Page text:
Overall the development has a playfulness to it and provides a welcome visual relief to the otherwise monotone grey towers which surround it.

Design strategy diagram

Most interesting however, is the provision within the basement level for 114 bicycle spaces, 8 dedicated motorcycle spaces and surprisingly no car parking with the remaining space given over to change and shower facilities and the required services. A step in the right direction particularly for tighter sites such as this which would otherwise present an inactive facade once access and service requirements were met, making the provision of a wrap of apartments or offices highly unlikely. Although I think in this instance the developer's and their architects' hands were tied by the need to retain the art deco building.

The previous design while sharing a similar DNA strain, offered with the exception of the Skypark concept, a fairly monotonous, singular visual expression to all elevations. The new version of 17-23 Wills Street which as mentioned now carries a setback of between 6 and 6.2 metres from the common boundary with 25 Wills Street, will no longer deprive the residence to the west of the only source of natural light and ventilation available, while also providing an elevation which no longer comprises a blank sheer concrete wall. Overall these changes have resulted in an improved outcome for the public domain and the residents of 25 Wills Street, a compromise which if approved will lead to a more favorable outcome for all involved.

Project team

Below is a selection of images for the original Skypark Tower at 17-23 Wills Street.

Previous scheme © KUD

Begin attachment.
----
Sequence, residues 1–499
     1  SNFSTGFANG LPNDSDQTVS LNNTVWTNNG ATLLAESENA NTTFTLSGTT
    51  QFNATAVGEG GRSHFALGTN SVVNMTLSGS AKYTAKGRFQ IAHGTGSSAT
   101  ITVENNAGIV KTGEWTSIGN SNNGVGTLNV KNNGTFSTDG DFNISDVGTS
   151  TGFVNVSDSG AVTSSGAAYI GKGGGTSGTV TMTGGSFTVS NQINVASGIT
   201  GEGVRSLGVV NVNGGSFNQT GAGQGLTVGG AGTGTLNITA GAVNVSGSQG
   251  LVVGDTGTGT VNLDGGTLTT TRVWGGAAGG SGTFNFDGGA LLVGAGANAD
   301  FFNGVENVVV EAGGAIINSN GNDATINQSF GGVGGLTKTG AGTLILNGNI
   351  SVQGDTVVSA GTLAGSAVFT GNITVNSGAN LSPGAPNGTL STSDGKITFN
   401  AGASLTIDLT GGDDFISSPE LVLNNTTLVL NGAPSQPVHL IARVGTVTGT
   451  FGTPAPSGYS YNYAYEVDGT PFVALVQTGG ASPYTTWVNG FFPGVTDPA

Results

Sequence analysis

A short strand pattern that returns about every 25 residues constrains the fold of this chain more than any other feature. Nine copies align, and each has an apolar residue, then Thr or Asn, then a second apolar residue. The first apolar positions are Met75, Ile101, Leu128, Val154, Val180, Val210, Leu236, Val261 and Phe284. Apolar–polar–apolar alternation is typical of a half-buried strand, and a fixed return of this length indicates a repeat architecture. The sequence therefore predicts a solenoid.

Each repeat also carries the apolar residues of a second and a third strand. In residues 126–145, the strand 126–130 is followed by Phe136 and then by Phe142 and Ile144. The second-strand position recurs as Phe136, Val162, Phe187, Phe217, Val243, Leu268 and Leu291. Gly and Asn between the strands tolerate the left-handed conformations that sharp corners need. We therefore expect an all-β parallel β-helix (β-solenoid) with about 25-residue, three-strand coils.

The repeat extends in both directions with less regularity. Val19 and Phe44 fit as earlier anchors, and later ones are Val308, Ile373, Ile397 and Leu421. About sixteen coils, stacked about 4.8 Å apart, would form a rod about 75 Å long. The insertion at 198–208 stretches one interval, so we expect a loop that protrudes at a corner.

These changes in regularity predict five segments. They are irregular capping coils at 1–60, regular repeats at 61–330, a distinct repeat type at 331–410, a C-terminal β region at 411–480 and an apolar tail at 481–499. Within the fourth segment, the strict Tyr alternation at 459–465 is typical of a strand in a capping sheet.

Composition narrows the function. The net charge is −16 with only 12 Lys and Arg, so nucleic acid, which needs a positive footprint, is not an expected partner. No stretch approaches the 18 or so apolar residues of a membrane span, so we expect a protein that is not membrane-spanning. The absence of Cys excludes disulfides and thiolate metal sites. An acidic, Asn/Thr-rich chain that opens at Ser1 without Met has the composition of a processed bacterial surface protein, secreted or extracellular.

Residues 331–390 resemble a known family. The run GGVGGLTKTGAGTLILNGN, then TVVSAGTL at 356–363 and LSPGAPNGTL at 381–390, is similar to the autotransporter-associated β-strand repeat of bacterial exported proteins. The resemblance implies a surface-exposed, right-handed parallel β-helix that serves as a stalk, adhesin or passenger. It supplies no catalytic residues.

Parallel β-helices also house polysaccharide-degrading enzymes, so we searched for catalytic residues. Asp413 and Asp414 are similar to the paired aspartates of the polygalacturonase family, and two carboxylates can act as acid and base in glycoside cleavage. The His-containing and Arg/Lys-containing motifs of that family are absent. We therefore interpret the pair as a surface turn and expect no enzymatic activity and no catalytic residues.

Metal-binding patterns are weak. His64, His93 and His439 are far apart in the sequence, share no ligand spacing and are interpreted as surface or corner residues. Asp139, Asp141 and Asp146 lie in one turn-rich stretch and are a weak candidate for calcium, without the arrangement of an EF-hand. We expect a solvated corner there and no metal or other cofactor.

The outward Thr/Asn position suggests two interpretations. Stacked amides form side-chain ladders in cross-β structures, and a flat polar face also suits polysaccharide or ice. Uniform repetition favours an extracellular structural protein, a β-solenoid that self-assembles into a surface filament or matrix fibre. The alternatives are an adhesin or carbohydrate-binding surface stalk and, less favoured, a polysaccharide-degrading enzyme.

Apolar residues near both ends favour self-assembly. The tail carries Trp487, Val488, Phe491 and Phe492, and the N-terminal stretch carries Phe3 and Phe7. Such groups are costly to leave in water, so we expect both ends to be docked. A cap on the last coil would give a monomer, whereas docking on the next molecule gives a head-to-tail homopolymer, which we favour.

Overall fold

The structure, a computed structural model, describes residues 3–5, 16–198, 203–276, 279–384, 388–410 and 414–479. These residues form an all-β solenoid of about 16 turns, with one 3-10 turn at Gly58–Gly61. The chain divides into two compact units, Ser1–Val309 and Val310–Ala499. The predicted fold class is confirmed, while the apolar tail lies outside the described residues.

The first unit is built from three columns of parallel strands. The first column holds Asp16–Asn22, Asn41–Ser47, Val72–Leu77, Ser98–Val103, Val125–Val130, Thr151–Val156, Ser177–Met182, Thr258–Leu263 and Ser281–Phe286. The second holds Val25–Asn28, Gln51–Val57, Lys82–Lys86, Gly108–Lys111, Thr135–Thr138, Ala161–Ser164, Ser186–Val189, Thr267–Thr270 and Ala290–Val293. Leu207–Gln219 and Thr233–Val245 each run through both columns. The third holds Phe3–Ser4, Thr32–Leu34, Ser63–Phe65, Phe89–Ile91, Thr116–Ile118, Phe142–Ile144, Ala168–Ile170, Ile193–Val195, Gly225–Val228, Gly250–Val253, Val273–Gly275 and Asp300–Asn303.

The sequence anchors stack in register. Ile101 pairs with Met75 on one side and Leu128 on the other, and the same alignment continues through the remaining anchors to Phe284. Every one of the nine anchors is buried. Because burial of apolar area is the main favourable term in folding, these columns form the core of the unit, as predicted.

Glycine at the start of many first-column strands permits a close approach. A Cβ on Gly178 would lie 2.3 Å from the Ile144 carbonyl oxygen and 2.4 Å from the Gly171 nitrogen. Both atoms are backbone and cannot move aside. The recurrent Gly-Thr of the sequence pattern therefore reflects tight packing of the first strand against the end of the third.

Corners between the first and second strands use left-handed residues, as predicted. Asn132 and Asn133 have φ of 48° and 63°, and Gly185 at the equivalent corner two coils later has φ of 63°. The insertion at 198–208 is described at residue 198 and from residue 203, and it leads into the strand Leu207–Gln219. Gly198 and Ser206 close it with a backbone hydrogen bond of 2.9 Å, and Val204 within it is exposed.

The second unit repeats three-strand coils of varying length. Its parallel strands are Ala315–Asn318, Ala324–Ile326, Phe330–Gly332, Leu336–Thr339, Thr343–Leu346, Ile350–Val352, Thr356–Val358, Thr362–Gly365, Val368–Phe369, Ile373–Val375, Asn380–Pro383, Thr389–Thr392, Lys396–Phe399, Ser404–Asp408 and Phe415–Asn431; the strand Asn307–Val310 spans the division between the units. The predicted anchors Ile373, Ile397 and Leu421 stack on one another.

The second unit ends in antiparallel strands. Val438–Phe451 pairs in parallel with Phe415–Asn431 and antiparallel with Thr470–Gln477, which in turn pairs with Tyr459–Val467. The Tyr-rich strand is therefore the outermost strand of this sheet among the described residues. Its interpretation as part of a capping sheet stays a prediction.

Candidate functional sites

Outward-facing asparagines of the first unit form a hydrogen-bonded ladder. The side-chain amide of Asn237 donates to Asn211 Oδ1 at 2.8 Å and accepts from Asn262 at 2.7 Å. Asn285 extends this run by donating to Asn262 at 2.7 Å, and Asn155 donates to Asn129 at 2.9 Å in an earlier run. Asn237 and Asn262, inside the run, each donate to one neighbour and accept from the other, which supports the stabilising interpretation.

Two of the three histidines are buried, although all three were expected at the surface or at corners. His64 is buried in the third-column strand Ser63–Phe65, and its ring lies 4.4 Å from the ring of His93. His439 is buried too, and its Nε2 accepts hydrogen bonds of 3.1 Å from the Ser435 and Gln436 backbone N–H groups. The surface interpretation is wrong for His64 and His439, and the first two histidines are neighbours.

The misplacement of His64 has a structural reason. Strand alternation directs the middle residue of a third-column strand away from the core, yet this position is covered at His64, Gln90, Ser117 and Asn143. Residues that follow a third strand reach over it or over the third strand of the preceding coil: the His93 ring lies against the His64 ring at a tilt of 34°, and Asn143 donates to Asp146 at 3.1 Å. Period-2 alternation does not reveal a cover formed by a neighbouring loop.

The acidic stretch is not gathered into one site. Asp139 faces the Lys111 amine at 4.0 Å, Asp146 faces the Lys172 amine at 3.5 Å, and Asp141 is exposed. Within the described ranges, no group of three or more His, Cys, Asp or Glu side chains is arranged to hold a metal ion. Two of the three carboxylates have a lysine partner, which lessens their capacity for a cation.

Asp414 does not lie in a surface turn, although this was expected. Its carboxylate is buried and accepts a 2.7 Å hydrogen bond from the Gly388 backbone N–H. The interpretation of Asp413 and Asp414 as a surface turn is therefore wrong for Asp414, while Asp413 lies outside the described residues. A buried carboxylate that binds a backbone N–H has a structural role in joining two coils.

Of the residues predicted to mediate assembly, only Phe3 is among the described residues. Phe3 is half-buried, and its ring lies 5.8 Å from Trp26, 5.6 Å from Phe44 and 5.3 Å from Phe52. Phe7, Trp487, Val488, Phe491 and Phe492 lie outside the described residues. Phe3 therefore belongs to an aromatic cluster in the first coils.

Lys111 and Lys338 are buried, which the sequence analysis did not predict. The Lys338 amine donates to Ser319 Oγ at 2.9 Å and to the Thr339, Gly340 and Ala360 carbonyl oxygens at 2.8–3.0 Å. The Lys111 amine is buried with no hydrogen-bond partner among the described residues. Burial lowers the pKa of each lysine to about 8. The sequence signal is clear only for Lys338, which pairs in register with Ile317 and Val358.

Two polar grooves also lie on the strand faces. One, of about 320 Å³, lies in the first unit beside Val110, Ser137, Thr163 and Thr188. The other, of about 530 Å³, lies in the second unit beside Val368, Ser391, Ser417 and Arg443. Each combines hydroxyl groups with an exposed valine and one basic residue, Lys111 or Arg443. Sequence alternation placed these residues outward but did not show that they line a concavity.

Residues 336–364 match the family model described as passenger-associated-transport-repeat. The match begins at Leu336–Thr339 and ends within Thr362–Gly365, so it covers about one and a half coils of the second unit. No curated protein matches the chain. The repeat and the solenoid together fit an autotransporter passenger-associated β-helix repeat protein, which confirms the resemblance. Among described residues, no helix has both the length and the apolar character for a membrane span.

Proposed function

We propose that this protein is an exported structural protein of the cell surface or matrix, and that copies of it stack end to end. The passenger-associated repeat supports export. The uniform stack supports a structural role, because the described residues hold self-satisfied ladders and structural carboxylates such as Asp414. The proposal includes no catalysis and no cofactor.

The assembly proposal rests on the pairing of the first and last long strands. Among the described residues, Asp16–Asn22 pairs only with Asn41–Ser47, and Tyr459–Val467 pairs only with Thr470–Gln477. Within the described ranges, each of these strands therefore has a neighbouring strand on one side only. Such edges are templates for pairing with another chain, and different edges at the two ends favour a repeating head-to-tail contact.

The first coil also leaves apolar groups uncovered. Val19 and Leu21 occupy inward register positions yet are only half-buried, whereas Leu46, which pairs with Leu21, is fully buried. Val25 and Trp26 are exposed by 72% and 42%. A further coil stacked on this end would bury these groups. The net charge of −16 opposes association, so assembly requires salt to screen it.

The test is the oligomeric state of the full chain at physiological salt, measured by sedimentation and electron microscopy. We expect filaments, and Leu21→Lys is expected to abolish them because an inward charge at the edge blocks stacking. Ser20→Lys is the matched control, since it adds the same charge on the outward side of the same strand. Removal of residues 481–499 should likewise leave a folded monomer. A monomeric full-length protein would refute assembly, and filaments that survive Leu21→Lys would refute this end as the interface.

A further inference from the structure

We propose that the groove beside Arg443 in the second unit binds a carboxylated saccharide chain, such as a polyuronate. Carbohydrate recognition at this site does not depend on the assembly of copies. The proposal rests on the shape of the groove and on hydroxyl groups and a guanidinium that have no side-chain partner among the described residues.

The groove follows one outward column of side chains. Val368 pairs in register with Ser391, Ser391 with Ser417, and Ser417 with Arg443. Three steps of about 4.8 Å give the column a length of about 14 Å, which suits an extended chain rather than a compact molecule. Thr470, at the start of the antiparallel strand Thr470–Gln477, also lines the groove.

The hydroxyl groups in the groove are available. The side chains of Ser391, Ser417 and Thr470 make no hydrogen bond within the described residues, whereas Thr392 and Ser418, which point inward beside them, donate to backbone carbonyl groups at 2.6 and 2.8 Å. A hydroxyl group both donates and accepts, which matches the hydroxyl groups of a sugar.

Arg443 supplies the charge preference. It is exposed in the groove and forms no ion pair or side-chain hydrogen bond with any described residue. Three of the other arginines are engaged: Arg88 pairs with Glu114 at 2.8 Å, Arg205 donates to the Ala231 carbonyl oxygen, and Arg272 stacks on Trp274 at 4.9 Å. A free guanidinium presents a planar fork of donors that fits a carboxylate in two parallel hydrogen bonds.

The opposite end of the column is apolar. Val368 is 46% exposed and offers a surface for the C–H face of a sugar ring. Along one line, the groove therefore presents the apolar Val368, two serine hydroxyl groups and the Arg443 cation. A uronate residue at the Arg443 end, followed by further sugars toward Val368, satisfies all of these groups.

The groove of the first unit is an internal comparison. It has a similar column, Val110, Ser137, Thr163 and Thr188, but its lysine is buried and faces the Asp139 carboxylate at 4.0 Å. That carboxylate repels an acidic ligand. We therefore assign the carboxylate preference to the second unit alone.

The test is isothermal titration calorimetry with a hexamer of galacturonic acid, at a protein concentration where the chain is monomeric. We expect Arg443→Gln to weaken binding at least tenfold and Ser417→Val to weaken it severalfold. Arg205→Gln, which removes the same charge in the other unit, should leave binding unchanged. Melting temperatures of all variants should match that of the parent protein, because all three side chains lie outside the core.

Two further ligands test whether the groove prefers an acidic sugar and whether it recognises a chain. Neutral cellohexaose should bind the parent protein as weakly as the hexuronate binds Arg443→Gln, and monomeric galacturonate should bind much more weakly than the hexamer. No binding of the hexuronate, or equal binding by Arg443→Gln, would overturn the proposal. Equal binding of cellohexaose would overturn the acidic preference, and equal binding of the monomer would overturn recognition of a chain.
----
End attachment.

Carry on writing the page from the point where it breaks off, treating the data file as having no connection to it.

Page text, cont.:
MelbourneGuy's picture

I appreciate any colour in the city to make up for the grey monotone rubbish that's being put up now.

Back to top
Melbourne_Fragments's picture

why a mostly concrete blank wall facing the laneway? not as if those windows could get built out

Back to top

Development & Planning

Wednesday, December 13, 2017 - 12:00
The swirl of development activity in Footscray has found another gear as new projects are submitted for approval, or are on the verge of beginning construction. Two separate planning applications have been advertised by Maribyrnong City Council; their subsequent addition to the Urban Melbourne Project Database has seen the overall number of apartment developments within Footscray in development swell to 40.

Policy, Culture & Opinion

Monday, November 20, 2017 - 12:00
The marriage of old and new can be a difficult process, particularly when the existing structure has intrinsic heritage value. In previous times Fitzroy's 237 Napier Street served as the home of furniture manufacturer C.F. Rojo and Sons. Taking root during 1887, Christobel Rojo oversaw operations though over time the site would become home to furniture manufacturer Thonet.

Visual Melbourne

Friday, August 25, 2017 - 07:00
The former site of John Batman's home, Batman's Hill is entering the final stages of its redevelopment. Collins Square's final tower has begun its skyward ascent, as has Lendlease's Melbourne Quarter Commercial and Residential precinct already. Melbourne Quarter's first stage is at construction and involves a new 12-storey home for consultancy firm Arup along with a skypark.


Transport & Design

Tuesday, December 12, 2017 - 12:00
When a site spans 19,280 square metres, it becomes a 'district'. That's the case according to the development team behind the Jam Factory's pending overhaul. Reporting on the project to date has focused on the close to 60,000 square metres of new commercial space that is earmarked for the site, but more importantly from a layperson's perspective is the extensive new public realm that is planned as part of the development.

Sustainability & Environment

Tuesday, October 24, 2017 - 12:00
Cbus Property's office development for Medibank at 720 Bourke Street in Docklands recently became the first Australian existing property to receive a WELL Certification, Gold Shell and Core rating. The WELL rating goes beyond sustainable building features with a greater focus on the health and well-being of a building's occupants.